3. Photons do not have rest mass but they have “relativistic mass” which might be what Gregory is getting at, I’m not sure.

          Two photons can occupy the same space at the same time and have other properties which “regular” matter does not. Does this mean they’re immaterial? Who the hell knows – tell me what the word means and then we can talk.

          You should also know that particles like photons don’t really play well together nor form stable structures so if this is meant to salvage “god” from the scrap heap, you’ll have to think a little harder.

          1. “… if this is meant to salvage “god” from the scrap heap, you’ll have to think a little harder.”

            Dunno who this question is aimed at; hopefully not me — that’s the LAST thing I’m trying to do. One semi-snarky comment (a play on the vagueness of the term “immaterial”) does not a god-bot make.

  18. The definition of supernatural may be insufficient. Under “3. The lawless: things that affect the world in ways that are observable (directly or otherwise), but not subject to the regularities of natural law”, the double slit experiment in physics would fall under the definition of supernatural because the possibility of a single proton being in two places at the same time is “not subject to the regularities of natural law.”

  19. The first category is not, of course, subject to scientific investigation, and if that’s your kind of deistic or apophatic god, then of course science has nothing to say about it.

    I think science does have something to say about it. Science broadly construed, that is. Just because we can’t run an experiment doesn’t mean we can’t bring scientific knowledge and, perhaps more importantly, scientific thinking to bear on the claims/beliefs. A deistic god, it would seem, would be susceptible to the Ultimate Boeing 747 Gambit, for example. And of course a good deal of science underlies that argument (evolution, the relationship of mind to matter). And what about religion as natural phenomenon? How humans create gods in their own image, how we are predisposed to see agency in the world where there is none, etc. (I realize a deistic god isn’t much of an agent but it clearly stands on a continuum with all other gods.) Throw in a little Occams Razor and the door is pretty much closed to such a supernatural being by science.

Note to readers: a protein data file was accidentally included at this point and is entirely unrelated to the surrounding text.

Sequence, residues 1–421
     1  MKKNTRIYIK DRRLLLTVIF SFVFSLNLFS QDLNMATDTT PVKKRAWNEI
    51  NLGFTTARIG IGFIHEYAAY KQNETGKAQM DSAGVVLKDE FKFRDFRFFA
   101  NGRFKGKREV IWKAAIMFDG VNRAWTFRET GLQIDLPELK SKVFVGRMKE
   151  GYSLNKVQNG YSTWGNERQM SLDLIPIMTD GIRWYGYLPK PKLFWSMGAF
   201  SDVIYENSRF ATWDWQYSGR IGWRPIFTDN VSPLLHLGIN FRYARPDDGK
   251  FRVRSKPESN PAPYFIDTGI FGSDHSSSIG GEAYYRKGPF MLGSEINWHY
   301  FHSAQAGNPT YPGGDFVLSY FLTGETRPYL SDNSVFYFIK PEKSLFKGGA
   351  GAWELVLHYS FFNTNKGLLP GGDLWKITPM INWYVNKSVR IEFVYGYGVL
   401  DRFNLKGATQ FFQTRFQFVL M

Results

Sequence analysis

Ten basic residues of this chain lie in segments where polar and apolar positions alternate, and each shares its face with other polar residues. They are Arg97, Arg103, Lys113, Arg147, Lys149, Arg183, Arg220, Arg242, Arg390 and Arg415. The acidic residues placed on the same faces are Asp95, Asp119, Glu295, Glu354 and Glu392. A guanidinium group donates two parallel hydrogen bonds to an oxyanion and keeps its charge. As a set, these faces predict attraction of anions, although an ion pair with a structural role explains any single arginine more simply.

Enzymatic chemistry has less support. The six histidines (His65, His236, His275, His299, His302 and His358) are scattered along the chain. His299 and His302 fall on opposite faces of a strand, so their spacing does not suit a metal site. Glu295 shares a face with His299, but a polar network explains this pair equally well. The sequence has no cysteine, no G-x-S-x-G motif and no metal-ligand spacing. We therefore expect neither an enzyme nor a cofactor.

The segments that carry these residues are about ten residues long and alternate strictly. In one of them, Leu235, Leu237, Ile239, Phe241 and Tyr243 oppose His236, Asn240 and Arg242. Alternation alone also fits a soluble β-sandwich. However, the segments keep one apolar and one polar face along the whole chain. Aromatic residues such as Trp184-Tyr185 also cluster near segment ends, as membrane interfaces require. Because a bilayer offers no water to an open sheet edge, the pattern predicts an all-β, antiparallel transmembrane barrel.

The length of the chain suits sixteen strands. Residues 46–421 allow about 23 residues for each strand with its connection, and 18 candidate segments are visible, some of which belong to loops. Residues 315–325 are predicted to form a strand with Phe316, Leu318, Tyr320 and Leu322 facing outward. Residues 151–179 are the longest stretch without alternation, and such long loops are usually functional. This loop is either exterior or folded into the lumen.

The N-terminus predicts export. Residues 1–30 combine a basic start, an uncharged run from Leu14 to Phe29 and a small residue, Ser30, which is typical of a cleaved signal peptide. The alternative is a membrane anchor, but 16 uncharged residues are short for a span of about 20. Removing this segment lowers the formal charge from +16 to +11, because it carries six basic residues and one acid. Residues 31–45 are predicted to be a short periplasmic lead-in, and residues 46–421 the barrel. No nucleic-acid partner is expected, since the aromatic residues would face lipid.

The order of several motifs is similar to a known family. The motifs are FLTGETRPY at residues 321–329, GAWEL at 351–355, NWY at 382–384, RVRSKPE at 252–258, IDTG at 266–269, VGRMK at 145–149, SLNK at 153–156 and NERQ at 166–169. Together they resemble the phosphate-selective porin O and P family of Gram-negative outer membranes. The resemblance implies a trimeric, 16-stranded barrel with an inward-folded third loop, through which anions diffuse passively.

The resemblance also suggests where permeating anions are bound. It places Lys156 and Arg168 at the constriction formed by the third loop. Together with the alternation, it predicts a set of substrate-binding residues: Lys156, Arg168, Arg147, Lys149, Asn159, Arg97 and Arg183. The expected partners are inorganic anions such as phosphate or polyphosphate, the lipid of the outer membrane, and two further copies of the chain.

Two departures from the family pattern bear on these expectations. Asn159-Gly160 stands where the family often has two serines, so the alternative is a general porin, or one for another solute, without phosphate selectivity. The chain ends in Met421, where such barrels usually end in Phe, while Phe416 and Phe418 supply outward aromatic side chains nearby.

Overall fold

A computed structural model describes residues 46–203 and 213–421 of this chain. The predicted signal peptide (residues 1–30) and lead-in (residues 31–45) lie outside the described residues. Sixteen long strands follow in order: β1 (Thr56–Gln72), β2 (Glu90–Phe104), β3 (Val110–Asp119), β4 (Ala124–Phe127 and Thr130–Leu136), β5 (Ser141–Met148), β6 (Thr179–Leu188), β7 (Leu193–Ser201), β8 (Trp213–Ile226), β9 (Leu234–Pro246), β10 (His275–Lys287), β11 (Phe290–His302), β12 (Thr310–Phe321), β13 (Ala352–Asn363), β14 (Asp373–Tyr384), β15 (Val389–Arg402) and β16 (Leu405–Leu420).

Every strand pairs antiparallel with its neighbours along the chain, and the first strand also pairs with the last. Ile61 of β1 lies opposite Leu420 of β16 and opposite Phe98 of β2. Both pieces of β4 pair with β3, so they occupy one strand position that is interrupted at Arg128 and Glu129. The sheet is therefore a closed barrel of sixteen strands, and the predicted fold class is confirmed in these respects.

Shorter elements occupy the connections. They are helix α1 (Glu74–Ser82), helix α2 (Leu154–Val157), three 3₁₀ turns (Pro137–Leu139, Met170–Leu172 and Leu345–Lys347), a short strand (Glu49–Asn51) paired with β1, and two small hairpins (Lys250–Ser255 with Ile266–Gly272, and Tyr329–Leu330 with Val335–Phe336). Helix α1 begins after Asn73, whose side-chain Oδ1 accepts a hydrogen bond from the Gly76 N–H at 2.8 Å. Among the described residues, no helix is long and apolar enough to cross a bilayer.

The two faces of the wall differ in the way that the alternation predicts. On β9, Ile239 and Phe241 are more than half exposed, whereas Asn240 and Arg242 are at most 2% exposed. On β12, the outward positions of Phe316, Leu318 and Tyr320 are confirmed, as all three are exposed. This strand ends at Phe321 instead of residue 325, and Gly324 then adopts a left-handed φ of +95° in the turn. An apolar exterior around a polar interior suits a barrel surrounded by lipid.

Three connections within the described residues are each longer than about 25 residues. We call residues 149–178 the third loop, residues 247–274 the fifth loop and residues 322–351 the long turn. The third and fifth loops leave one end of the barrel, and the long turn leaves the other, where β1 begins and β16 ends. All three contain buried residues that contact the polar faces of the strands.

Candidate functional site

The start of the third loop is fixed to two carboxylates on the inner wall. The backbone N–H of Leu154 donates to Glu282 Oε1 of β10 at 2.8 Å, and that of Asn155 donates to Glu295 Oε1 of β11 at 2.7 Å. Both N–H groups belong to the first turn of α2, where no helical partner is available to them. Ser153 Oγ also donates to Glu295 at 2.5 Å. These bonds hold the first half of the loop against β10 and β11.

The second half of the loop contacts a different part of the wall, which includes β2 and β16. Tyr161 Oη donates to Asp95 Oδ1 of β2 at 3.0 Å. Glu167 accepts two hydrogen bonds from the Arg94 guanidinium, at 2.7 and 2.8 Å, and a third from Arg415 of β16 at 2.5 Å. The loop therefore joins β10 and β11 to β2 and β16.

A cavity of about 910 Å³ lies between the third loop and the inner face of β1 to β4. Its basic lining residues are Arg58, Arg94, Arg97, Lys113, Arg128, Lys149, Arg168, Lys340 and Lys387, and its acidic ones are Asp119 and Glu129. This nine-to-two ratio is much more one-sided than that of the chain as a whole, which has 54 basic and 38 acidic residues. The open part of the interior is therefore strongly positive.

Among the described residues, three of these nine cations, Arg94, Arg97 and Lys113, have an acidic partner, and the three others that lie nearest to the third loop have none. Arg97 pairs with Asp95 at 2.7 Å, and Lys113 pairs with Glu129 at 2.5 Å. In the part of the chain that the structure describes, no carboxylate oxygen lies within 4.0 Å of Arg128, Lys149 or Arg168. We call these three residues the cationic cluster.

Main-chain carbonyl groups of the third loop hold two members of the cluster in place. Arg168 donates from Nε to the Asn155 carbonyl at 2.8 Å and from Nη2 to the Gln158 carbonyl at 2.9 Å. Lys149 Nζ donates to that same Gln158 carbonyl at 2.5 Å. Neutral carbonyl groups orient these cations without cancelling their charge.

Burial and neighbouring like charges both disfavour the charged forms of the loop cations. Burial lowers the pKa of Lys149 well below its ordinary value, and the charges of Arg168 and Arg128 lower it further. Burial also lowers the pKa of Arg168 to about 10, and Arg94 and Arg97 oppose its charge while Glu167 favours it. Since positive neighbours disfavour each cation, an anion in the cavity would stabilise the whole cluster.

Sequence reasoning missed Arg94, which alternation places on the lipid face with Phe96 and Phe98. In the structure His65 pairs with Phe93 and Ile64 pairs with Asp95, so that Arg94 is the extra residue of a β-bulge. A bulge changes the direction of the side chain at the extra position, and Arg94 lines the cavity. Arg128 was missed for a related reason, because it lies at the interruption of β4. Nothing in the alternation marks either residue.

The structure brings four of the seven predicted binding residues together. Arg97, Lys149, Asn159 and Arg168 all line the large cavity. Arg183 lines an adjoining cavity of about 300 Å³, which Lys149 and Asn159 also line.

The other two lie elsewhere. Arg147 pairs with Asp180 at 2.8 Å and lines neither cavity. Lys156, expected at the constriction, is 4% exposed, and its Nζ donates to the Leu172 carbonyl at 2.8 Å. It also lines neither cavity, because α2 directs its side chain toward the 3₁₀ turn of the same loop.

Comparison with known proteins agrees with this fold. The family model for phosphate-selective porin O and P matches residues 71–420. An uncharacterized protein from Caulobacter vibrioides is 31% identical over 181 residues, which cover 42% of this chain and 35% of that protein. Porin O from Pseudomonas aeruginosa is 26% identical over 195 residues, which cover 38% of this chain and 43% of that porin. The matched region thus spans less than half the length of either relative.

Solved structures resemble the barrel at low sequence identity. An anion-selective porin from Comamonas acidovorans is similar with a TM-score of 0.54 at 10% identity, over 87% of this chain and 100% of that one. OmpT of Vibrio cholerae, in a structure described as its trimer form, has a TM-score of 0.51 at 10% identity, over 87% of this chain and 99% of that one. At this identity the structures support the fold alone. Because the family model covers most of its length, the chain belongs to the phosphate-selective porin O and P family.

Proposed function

I make this point because one move religious apologists often make is to claim that God is not measurable or testable by scientific tools and then implicitly conclude that reason has no applicability to the question of God at all.

    1. I would go a bit further and say that current scientific understanding in fact rules out the existence of deities. A god would violate the laws of thermodynamics if that god is composed of any of the particles (and subatomic particles) which we know of. If any god at all is to exist, we need new classes of matter which follow very different laws from our own natural laws and which can somehow influence our class of matter. The god hypothesis fails at every point. Ironically, to believe that some god created the universe and created humans in a single day is to believe that it is in fact possible for a 747 to materialize with no human intervention. Contrary to what creationists believe the sudden appearance of a 747 would be a pretty strong indicator that their deity may in fact exist – and since 747s don’t magically materialize like that, odds are (and this is consistent with absolutely all evidence to date) humans didn’t magically poof into existence either.

  20. Always late to the party – damn time zones.

    Again, the discussion seems all bloody confused to me because hardly anybody seems to agree on definitions and what question is actually being discussed.